The most ill-educated of Orthodox Christians, on the other hand, understands the Trinity and if they go to church., they know that the Trinity is "one in essence and undivided."   How do we keep on track?  Through ritual.   We say the Nicene Creed and the above-quoted phrase in our liturgy.   

Hope this gives you an idea of how the eastern Church thinks.  We feel if we lose the ritual we risk losing the correct theology.




Offline Mr. J

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Re: Old Believers, and other Orthodox?
« Reply #4 on: Sat Aug 22, 2009 - 23:37:38 »
Trifecta

You separate yourself from the Russian Orthodox, so that infers differences between churches that call themselves Orthodox.  This brings me back to my original question.....

How many Orthodox churches are there are what is the difference?

Do Orthodox welcome the Old Believers, or are they still out casts?  

Is Orthodox like the Protestant religions in that there are too may variations to give a simple answer?

Would Greek and Eastern and Russian and other Orthodox at the same party get along, or do they argue about differences (Like Protestant (name your favorite religion)  like to attack (....name your favorite Protestant denomination...))?

I'm asking questions about he Orthodox religions because I have considered going to an Orthodox church as I'm finding it hard to find a Protestant church that actually believes the Bible and teaches from the Bible (not a perversion of the Bible).  I know there are good churches out there, but where I live there are not many choices.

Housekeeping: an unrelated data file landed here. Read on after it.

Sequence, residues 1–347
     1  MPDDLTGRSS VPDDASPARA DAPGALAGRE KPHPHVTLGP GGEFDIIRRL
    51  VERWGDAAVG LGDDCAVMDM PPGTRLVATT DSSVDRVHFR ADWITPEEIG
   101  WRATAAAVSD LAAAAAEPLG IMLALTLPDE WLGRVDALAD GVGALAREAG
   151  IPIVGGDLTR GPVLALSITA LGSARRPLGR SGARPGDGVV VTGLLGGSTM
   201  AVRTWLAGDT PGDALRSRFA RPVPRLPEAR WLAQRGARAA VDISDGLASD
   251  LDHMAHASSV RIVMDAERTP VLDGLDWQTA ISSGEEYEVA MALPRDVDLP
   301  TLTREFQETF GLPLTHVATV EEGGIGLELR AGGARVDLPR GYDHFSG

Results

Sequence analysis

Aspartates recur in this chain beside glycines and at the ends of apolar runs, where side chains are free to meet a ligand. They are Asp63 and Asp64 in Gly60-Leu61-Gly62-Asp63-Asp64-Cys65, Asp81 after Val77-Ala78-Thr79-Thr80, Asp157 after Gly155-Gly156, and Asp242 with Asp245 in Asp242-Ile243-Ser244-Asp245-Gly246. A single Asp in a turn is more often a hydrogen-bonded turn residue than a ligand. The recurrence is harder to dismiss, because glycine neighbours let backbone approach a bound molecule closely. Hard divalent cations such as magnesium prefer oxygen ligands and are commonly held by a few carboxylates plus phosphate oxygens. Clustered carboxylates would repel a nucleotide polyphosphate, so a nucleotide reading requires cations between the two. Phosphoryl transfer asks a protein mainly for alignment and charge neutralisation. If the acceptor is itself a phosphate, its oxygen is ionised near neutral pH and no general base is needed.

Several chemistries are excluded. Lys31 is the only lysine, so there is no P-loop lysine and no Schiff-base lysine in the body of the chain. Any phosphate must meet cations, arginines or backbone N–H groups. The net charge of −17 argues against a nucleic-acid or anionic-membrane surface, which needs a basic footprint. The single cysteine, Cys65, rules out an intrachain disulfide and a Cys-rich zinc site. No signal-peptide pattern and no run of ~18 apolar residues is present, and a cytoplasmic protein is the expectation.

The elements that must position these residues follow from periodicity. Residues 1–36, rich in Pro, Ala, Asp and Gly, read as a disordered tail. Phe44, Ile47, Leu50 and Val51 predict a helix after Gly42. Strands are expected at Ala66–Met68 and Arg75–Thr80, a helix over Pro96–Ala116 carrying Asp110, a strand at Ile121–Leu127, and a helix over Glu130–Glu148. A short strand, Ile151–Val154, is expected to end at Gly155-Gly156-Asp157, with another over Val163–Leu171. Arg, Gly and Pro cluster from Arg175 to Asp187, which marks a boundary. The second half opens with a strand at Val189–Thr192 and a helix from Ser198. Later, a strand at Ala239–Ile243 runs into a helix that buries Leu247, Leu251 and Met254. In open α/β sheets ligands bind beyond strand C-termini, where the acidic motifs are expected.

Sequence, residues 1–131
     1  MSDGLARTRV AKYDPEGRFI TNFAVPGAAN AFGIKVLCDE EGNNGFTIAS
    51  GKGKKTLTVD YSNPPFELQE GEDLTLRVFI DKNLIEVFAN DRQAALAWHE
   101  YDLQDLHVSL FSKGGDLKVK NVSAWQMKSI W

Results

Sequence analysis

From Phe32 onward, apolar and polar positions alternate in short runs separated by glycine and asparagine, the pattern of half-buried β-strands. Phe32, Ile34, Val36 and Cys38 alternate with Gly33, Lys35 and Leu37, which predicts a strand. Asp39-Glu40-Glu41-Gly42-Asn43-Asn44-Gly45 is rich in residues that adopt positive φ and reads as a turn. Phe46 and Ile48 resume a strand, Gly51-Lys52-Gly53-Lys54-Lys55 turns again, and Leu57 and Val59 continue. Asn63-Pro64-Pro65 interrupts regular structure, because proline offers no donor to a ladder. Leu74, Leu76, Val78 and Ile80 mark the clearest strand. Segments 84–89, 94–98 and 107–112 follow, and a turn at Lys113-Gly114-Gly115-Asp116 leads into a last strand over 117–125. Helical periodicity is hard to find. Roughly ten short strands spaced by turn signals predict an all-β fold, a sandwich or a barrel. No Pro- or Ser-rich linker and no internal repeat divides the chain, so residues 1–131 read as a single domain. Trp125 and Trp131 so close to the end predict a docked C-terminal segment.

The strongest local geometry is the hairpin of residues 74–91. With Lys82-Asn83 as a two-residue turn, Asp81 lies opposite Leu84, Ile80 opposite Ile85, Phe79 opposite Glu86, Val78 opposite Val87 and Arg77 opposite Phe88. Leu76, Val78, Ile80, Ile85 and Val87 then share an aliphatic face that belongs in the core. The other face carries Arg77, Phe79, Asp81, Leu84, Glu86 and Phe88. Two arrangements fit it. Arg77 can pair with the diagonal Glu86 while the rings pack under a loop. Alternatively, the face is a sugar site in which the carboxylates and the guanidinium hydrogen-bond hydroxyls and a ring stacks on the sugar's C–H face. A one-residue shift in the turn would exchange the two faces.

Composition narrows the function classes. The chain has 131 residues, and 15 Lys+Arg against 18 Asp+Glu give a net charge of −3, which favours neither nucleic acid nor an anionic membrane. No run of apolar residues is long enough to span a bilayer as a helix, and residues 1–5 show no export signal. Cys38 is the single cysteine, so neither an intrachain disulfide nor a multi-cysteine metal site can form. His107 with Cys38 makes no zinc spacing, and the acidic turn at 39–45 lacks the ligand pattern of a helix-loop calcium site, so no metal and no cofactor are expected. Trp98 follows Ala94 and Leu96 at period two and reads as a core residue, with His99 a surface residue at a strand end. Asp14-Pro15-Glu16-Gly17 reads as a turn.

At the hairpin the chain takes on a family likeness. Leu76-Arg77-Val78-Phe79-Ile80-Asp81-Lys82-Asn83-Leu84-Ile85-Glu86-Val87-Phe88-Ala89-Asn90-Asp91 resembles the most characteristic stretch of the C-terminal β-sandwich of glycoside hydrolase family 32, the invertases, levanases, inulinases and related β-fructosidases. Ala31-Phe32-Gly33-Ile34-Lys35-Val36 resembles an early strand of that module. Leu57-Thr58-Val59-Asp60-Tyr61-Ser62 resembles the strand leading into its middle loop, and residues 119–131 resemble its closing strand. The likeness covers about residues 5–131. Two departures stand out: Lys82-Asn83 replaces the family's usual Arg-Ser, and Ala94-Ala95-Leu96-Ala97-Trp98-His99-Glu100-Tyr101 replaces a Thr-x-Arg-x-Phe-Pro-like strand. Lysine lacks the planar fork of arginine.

So, my questions are sincere.

As an aside topic:

The Old Believers history brings up the question as to who is really the flag bearer of the early church?  If you separate yourself from other Orthodox, does that mean there is a particular Orthodox that you think is right and others have more faults in them?

From what I've learned form the excellent posts by CDHealy and you, it is very obvious that the Catholic Church was the break away from the old Church, which makes the Catholic the first breakaway denomination.  It could be said that they are actually a Protestant religion as they protested the Orthodox Church and made an unbiblical Pope position.  (Yes, I'm having a little fun with that point.  I suppose I'll get intense email!)